The cure is accessible Featured

8:00pm EDT May 26, 2008

Employees miss three to four hours of work every time they visit the doctor, which impacts productivity. But forgoing a doctor’s visit to avoid missing work is not the best choice dedicated employees can make for themselves or their employers. One solution that’s gaining traction with employers is the on-site health center, which increases the prevalence of ongoing preventive care and reduces time away from work.

“Employers are finding that the on-site center is a used and highly valued employee benefit,” says Teresa Wolownik, consulting actuary for the Group & Health Care Practice at Watson Wyatt Worldwide. “Which is great news because employers are seeing a reduction in nonproductive time by almost three hours per visit and employees are receiving high-quality health care.”

Smart Business spoke with Wolownik about the benefits of on-site health centers and how employers can explore the feasibility of and ROI from implementing one.

Why should employers implement an on-site health center?

The 2007 annual survey conducted among 453 employers by Watson Wyatt Worldwide and the National Business Group on Health revealed that 21 percent of the surveyed companies presently have an on-site clinic and 28 percent expect to open one in 2008. I think the reason behind the trend is that the clinics provide numerous solutions. First, because the on-site services can be delivered more cost effectively than those delivered by outside physicians, the practitioners are able to spend time focusing more on preventive and lifestyle-related risk factors, not just treatment. Second, only one in four employees currently seeks preventative care, which is contributing to the rise in chronic illnesses, such as diabetes. With services available at the work site, more employees engage in preventive care services, receive ongoing management for current conditions and participate in smoking cessation or weight-loss programs. Third, employers and employees benefit from visiting a health care provider who is fully integrated with a company’s program and is familiar with its benefit plans. Last, employees view the on-site health center as a perk, which improves morale and retention.

Which companies are potential candidates for an on-site health center?

We usually say that employers with a critical mass of 1,000 or more employees at a single location are candidates. However, there are vendors that cater to smaller employers, so it’s possible to adopt a scaled model that focuses on health coaching with or without disease management and still receive many of the benefits. Most on-site centers are outsourced to third-party vendors, so employers needn’t worry about additional liability, employee privacy issues or in-house expertise.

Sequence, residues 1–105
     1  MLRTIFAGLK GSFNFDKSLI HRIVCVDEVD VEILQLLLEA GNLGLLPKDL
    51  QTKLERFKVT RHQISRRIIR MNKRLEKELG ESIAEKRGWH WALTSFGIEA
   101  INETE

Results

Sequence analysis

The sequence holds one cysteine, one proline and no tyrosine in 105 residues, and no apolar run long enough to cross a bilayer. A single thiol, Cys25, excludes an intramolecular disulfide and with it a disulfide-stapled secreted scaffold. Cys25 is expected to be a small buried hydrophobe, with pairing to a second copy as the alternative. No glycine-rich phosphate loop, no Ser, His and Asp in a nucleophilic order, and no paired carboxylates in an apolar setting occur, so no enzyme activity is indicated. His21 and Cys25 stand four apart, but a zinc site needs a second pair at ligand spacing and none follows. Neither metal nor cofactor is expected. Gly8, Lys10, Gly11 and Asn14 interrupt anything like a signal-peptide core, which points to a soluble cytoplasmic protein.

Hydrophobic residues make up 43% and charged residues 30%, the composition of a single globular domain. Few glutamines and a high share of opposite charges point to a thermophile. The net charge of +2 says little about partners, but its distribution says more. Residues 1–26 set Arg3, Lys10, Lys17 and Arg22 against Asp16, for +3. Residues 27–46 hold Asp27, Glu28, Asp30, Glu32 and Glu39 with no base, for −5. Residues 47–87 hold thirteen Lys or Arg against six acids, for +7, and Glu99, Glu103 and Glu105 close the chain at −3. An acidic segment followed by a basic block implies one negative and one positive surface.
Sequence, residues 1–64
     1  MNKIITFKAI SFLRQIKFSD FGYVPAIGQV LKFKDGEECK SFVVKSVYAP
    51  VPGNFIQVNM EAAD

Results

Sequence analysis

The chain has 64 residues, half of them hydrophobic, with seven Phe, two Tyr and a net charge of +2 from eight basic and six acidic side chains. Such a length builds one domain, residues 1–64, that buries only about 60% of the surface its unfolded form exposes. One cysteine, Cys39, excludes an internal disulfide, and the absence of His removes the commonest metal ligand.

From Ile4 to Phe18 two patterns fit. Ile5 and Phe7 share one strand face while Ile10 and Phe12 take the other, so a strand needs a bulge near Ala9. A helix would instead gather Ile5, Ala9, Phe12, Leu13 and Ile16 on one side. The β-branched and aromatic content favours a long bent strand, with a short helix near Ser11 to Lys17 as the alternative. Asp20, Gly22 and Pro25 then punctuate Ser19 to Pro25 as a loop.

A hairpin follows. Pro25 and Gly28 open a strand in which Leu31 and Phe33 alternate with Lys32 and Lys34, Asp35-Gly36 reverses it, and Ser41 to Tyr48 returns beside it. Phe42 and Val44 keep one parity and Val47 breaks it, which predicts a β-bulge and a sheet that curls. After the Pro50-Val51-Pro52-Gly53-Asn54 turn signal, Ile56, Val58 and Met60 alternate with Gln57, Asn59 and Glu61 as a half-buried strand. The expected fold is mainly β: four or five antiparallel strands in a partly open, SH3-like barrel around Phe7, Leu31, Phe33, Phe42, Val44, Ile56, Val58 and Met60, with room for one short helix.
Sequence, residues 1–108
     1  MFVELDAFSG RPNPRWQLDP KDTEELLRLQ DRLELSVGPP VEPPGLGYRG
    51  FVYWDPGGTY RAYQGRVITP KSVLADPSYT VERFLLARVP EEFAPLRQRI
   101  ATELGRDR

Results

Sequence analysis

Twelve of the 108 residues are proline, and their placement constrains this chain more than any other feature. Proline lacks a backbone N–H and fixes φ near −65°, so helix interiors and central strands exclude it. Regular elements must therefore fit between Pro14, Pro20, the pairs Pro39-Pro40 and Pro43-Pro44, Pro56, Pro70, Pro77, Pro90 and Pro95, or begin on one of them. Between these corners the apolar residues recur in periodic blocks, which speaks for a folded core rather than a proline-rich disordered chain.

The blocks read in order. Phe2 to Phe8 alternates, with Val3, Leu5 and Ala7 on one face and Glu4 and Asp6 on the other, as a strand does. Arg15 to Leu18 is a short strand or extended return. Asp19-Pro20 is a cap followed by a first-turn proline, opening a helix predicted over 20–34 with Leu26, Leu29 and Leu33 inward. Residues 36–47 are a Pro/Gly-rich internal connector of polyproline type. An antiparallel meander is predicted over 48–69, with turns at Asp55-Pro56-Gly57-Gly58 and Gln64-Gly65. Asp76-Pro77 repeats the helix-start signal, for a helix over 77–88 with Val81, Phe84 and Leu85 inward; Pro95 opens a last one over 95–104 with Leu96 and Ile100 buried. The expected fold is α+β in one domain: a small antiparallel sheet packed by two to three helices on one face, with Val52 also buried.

A design and feasibility study will help to validate ROI. The analysis process includes:

  • Engaging key stakeholders, such as representatives from legal, finance, benefits, occupational health and real estate, in a meeting to educate and define the objectives for the center. Include consulting experts to advise on the range of health center models and third-party vendors and discuss considerations of eligibility, cost-sharing, integration with other programs and data/measurement.

  • Shaping the center’s parameters, such as whether it will be led by an M.D. or a nurse practitioner. Knowledge of your employees and their preferences is vital.

  • Conducting a claims history review to help determine the types of services needed and the estimated patient volume for the center. Extract key data concerning current cost and frequency of visits, condition prevalence and proximity to local physicians to estimate adoption rates.

  • Leveraging the expertise of a clinician with experience operating an on-site health center. The needs and considerations of an employer-based center are unique to those in the outside community. The physician expert helps you to define your desired ‘patient experience’ and then reviews the data to determine the necessary health center resources and the estimated cost of providing them.

How is the ROI determined?

Once the volume of services is estimated along with the cost, it’s compared against the actual costs of purchasing those same services in the community, which can be validated by the claims review data. Next, we look at other savings opportunities, including productivity gains from employees missing less work time to overall employee health improvements. We typically see a 2-1 ROI rate, meaning that if an employer spends $500,000 for an on-site health center, it is seeing direct and indirect savings of $1 million.

What is the role of employers during the feasibility study and center implementation?

It’s important to have executive sponsorship from the beginning and an ongoing communications campaign. Second, it’s important to select an analysis partner that uses a cross-functional team approach, which includes an experienced physician, an actuary to evaluating community versus on-site services and an attorney to advise on compliance issues. Select a partner who is also familiar with integrating the on-site center with other employer-based programs, such as EAP and disease management, and who understands the options around integrating data with your insurance carrier and/or data warehouse. Data capture is vital for accurate ROI validation once the center is operational.

TERESA WOLOWNIK is a consulting actuary for the Group & Health Care Practice at Watson Wyatt Worldwide. Reach her at (858) 523-5586 or Teresa.Wolownik@WatsonWyatt.com.